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10 February, 2001

The Smith - Macintyre Grab or "the grab"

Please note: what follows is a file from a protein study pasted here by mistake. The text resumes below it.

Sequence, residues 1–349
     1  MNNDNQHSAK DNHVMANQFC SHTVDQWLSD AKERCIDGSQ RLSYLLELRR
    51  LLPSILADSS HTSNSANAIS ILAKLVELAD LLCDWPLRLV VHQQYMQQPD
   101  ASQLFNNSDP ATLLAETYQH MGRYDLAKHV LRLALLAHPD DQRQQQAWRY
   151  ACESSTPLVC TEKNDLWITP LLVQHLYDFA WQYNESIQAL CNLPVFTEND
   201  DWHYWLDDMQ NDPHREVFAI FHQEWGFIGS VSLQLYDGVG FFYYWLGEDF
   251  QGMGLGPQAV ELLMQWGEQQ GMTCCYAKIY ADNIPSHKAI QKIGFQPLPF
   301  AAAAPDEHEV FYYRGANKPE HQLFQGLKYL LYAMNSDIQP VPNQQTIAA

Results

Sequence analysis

Standing by the watch station I heard Christian, our marine technician, over the radio say, "the CTD is on board; we're ready to send the grab down". On one of the television monitors you could watch as the winch sent the Smith Macintyre grab over the side of the ship. Once under the water we followed the grab's movement on a monitor down, down at 40 meters a minute. It passed one hundred, two hundred meters; three, four, past five, then if you were looking closely you saw it: the wobble in the cable that is the sign that the grab had reached its destination 640 meters below. The grab is like a large clamp that takes a chunk out of the ocean floor. The grab sample is fairly easy to collect and right away we can get a pretty good idea of what the sea floor is like. If it is indeed as good a site as the other things we did indicated, like the Bathy 2000, we will collect sediment cores. The hardest part of collecting a grab sample is waiting as it slowly is pulled out of the mud and brought back to the surface. We all waited and watched, wondering if the two arms of the grab tripped and, if so, what would be inside. As it nears the surface the team assembles and Charlie, our scientist from Colgate University, is the first to reach it. But he didn't need to go far out on deck as you could see plainly from the monitor inside that one of the arms was open and all of the sediment had fallen out. A moment passed; a call was made to the winch room. Down again. We needed to know what the floor was like before we committed the big coring devices. Once again Meredith, who was on watch, took out a log sheet to write down all the vital information: latitude, longitude, the time the grab went in the water, the time it came back on deck, the depth of the seafloor, as well as the tension on the wire when we pulled the grab out. All are pieces of information that, together, give us clues to the ocean floor beneath us. Slowly the grab rose off the floor, again the team assembled, donning their polar parkas and hard hats. This time were not let down the grab came up full. Charlie collected sediment samples immediately, then others took their turn. It wasn't long before everything was reduced to sieve pans, each pan holding smaller ands smaller details; details such as rocks and animal life that might be on the sea floor. These things, together with the sediment, tell us what type of environment the sea floor at that parcticular location is like.

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